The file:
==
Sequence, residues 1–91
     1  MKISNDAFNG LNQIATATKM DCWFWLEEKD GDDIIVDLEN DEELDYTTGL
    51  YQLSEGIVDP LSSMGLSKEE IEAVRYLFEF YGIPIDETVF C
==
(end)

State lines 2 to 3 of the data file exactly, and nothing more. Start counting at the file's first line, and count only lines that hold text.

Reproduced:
     1  MKISNDAFNG LNQIATATKM DCWFWLEEKD GDDIIVDLEN DEELDYTTGL
    51  YQLSEGIVDP LSSMGLSKEE IEAVRYLFEF YGIPIDETVF C